A new theology that continues to grow and threaten orthodoxy is Open Theism. Promoted by people like Gregory Boyd, Open Theism seeks to let God off of the hook especially when it comes to the issue of evil and suffering. It teaches that God does not know for certain the future because the future is determined by the free choices of humans. Therefore God cannot prevent evil from happening because He cannot predetermine, with certainty, that a particular event will take place because such evil is determined by the free decisions made by a free people.
This is a major threat to orthodox theology that teaches that God is omniscient of the past, present, and future. He is sovereign and provident and the future is well within his grasp. God is in complete control and is never confused or caught of guard.
At the end of the day, what the Open Theist offer is a tamed God that is more like us that needs us to let Him off the hook. Instead of adopting the God of the Bible, Open Theist have rejected the clear teaching of Scripture and offer a tamed God that needs our rescue.
The best review and critique I have read thus far comes from the pen of Dr. Bruce Ware, professor of theology at the Southern Baptist Theological Seminary, called Their God Is Too Small: Open Theism and the Undermining of Confidence in God. The title is appropriate and is a wonderful summary of Open Theism. Their God is, in fact, too small. It is in fact the wrong God.
Ware's critique is brief (only about 140 pages) and covers major parts of the theology like God and suffering, prayer, hope, etc. In each chapter the author offers the reader a review of Open Theology. From there the author shows how this belief is empty and falls well short of the biblical text. Ware takes his time dealing with texts favored by the Open Theist and shows that a correct interpretation would lead to a rejection of Open Theism.
Ware does such a good job that he makes the Open Theist look foolish. His ability to make a powerful argue is unsurpassed. I have not come across anyone who offers such a brief, yet devastating critique of Open Theism than this. He shows that taken to its logical end, Open Theism solves no problems, but only creates more and is inconsistent with itself. Anyone wanting to see the emptiness of Open Theism must read this book.
One of the best arguments Ware offers regards how Open Theism implies (and openly promotes) that God regrets His own actions and decisions. Take prayer for example. By not knowing the future, anything God does may backfire since it is free men who run the world, not God. That means that when God acts, neither we nor Himself can trust that His decisions and acts are righteous, perfect, or just. Though the short-term may be positive, the long-term may be devastating.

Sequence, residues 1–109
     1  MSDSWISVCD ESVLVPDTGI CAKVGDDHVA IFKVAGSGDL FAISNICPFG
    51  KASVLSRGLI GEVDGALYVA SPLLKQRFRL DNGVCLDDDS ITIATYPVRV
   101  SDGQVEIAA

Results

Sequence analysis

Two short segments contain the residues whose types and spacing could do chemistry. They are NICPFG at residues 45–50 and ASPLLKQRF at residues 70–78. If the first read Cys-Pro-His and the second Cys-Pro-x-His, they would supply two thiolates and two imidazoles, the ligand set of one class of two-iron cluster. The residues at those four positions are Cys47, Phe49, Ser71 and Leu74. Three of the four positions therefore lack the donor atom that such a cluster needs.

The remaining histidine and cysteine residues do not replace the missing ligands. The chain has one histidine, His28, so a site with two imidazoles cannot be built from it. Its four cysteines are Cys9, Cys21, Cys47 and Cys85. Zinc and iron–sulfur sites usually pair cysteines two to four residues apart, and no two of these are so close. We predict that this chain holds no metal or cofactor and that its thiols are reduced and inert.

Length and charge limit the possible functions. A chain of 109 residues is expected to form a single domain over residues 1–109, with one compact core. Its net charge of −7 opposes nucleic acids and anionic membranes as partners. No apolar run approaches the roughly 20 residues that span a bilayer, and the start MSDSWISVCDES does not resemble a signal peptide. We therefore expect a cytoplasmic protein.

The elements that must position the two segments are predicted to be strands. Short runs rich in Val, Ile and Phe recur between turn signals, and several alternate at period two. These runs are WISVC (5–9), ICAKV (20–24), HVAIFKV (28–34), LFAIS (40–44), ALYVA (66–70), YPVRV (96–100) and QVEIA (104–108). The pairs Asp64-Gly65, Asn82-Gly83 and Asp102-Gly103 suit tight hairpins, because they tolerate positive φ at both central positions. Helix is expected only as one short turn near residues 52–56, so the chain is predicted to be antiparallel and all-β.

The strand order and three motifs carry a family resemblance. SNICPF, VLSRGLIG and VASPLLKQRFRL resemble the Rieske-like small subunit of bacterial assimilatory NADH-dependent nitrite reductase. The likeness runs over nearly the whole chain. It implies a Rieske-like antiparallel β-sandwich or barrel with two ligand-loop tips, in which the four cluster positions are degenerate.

Likewise, the Open Theist take biblical events (like the Flood) and paint God as a deity that regrets Himself and admits that if He had thought the action through more carefully, He would have made a different decision. Such a belief rejects the perfection and righteousness of God. By making this argument, the Open Theist are admitting that God was wrong (and dare we say sinful) and unjust in punishing mankind at the Flood. Such a belief is outrageous at best and should be outright rejected.
Instead of this small God, the Bible offers a much greater one. God does not need us to defend Him for who has known the mind of God and how dare we call into question His actions and providence. God does not need our justification for He is always righteous and all that He does is just and right. That is the beauty of the gospel.
My one complaint is that the book is limited in its scope. Ware deals with the issue of theology proper and rightfully so. But a wrong belief about God leads to a wrong belief about everything else. If we get God wrong, we get everything wrong. The Open Theist sound like Pelagians who emphasize human freedom and the freedom of the will to a point that they reject the gospel. I don't know what Open Theist believe about the gospel, but I find it hard to believe that they affirm penal substitution. How can they? If God regrets things in the past, then is it possible that He regrets the cross?
But in spite of that Ware offers an important book that needs to be read by all serious Christians. Our understanding of God is foundational to everything else. Open Theism shows us the dangers of bad theology. In an effort to save God they damn themselves. God doesn't need saving. It is us who need to be saved and thankfully, the One true God is such a God.